Published in: Credit Cards | Sept. 18, 2019

Is Buying Airline Miles Ever a Good Decision?

By:  Lyle Daly

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Thinking of buying miles directly from an airline? You should probably reconsider.

If you have a frequent flyer account, you may have already noticed that you can buy miles from the airline instead of earning them through your trips or credit card spending. Most airlines will have this option listed prominently in your online account, and some will also run promotions when you can purchase those miles at a discount.

This may seem like a useful way to boost your mileage balance so you can travel more, but when you dig into the numbers, you’ll see that buying miles this way is rarely a good decision.

The wing of an airplane high above the earth.

Image source: Getty Images

Why buying miles is a bad idea

The problem with buying airline miles is the lack of value. You’ll usually end up paying more for the miles than you can realistically expect to receive when you redeem them.

Although the value of airline miles depends heavily on the flight you book, economy award tickets will generally get you about $0.01 to $0.015 per mile. Business- and first-class tickets can be a better deal and get you $0.02 or more per mile, but these award tickets are also much scarcer.

Here’s the standard cost of buying miles (without any promotions) with the four major U.S. airlines as of August 2019:


Total cost to buy 10,000 miles

Cost per mile

American Airlines



Delta Air Lines



Southwest Airlines



United Airlines



Data source: Respective airline websites.

Airlines do frequently run promotions, but even then, the cost is typically still at least $0.018 to $0.02 per mile.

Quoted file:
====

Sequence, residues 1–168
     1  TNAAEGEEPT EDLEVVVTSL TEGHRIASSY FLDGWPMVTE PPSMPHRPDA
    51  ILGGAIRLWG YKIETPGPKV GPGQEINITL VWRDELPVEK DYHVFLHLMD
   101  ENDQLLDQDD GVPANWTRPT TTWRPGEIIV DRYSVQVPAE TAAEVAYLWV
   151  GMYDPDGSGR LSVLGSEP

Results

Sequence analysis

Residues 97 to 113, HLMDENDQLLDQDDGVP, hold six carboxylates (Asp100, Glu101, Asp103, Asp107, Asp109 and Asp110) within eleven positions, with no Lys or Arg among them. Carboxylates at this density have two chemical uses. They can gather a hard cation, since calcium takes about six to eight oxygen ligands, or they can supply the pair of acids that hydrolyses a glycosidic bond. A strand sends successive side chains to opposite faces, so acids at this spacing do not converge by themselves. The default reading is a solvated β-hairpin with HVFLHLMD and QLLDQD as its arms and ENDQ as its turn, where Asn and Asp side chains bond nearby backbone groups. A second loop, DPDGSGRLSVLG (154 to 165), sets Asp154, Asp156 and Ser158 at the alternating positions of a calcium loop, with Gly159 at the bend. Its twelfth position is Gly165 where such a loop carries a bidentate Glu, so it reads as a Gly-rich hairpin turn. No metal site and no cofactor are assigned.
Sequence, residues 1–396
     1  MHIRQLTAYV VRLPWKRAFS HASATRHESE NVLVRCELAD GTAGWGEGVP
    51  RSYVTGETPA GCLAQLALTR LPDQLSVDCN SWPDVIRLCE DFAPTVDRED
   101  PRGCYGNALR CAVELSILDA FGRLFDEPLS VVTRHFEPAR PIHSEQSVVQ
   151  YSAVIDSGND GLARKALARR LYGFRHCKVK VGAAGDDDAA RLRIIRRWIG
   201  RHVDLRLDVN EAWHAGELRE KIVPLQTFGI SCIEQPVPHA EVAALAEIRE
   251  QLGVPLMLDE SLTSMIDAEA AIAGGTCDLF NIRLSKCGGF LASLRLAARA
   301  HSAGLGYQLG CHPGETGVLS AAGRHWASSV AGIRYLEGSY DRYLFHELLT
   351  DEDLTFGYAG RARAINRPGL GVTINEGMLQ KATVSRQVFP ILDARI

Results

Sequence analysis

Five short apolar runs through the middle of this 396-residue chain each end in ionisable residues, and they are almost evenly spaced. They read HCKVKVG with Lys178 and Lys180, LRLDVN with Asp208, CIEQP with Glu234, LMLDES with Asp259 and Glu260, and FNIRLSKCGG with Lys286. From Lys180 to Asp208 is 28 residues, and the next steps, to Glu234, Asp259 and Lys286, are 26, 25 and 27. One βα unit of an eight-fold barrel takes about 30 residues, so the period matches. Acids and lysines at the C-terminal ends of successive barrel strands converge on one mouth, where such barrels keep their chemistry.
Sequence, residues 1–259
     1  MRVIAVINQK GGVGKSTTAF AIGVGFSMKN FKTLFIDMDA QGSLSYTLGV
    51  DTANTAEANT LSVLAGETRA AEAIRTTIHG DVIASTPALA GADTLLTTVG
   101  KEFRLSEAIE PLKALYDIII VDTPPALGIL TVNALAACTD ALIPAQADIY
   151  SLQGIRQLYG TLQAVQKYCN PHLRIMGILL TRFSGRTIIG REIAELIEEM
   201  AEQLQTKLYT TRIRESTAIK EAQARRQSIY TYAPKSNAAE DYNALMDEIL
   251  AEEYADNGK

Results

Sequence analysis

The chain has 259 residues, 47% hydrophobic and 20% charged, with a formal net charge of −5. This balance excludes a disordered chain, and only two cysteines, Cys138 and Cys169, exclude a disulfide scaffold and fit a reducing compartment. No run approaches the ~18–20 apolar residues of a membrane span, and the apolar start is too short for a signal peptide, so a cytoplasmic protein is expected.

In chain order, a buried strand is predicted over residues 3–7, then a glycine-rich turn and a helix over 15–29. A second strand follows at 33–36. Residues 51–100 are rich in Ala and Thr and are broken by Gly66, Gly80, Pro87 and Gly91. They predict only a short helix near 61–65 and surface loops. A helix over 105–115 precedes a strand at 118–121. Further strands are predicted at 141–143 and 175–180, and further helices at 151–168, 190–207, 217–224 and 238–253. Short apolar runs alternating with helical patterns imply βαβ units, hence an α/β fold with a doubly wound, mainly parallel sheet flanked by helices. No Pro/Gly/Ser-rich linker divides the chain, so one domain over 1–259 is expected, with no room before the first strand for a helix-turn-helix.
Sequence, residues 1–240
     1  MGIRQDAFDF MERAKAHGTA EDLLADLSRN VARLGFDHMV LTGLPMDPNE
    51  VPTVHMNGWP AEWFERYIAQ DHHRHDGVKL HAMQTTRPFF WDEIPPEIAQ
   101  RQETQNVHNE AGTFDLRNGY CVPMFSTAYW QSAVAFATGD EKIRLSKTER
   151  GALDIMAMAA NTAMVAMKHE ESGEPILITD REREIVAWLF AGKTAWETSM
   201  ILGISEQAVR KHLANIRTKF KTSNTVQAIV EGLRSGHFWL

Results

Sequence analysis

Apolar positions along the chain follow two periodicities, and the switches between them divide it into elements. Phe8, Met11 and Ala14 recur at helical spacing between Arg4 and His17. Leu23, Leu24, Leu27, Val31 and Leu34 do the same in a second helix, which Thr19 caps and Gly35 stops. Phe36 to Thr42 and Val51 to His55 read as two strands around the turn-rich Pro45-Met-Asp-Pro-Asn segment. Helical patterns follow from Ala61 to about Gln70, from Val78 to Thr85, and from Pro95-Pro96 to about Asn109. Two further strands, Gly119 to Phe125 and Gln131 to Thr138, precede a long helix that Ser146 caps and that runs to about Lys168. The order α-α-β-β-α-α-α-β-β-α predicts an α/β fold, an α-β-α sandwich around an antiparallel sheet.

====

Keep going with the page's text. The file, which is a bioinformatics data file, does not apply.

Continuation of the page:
Unless you can score a great award ticket, you’ll probably lose money by purchasing miles.

The only situations when it makes sense to purchase miles

Even though we just established that buying miles is a bad move from a value perspective, there are two situations when it could be in your best interest to do so:

  • You have miles that are about to expire. With most airlines, miles will eventually expire if you have no account activity for a certain amount of time (12 to 18 months is common, but this depends on the airline). One way to keep your account active is to buy miles, so making a small purchase can ensure your other miles don’t expire. Check the airline’s rules first to verify this will actually prevent your miles from expiring.
  • You need extra miles for the award ticket you want. If you have miles, but not quite enough for the award ticket you’d like to book, then it could be worth buying the extra miles. Just make sure that the ticket you’re booking will still be a good value for the miles and cash you’re spending to get it.

Smarter ways to get miles

It’s always nice to book your airfare in miles and trim your travel costs, but you’re not really cutting costs if you had to purchase the miles in the first place. That’s why it’s better to earn miles instead of buy them. 

Here are the best ways to do that:

  • Travel credit cards: With a travel credit card, you can earn a sizable sign-up bonus, with some cards offering 50,000 miles or more when you meet their minimum spending requirements. To give you an idea of what that’s worth, 50,000 miles can be enough to cover two round-trip domestic flights. You’ll also earn miles/points every time you use your travel card.
  • Airline shopping portals: Almost all the big airlines have their own shopping portals with a list of different retailers. All you need to do is log in to your frequent flyer account, go to the shopping portal, and choose the retailer you want. When you make a purchase, you’ll earn bonus miles. This could be a fixed amount of miles or a rate per $1 spent, depending on the retailer.

Don’t overpay for your miles

While buying miles may seem like a good deal initially, if you do the math on what it will cost, you’ll see that these offers rarely work in your favor.

You’re better off earning your miles through credit cards and shopping portals, because when you’ve paid for miles, it usually means you’ve overpaid.

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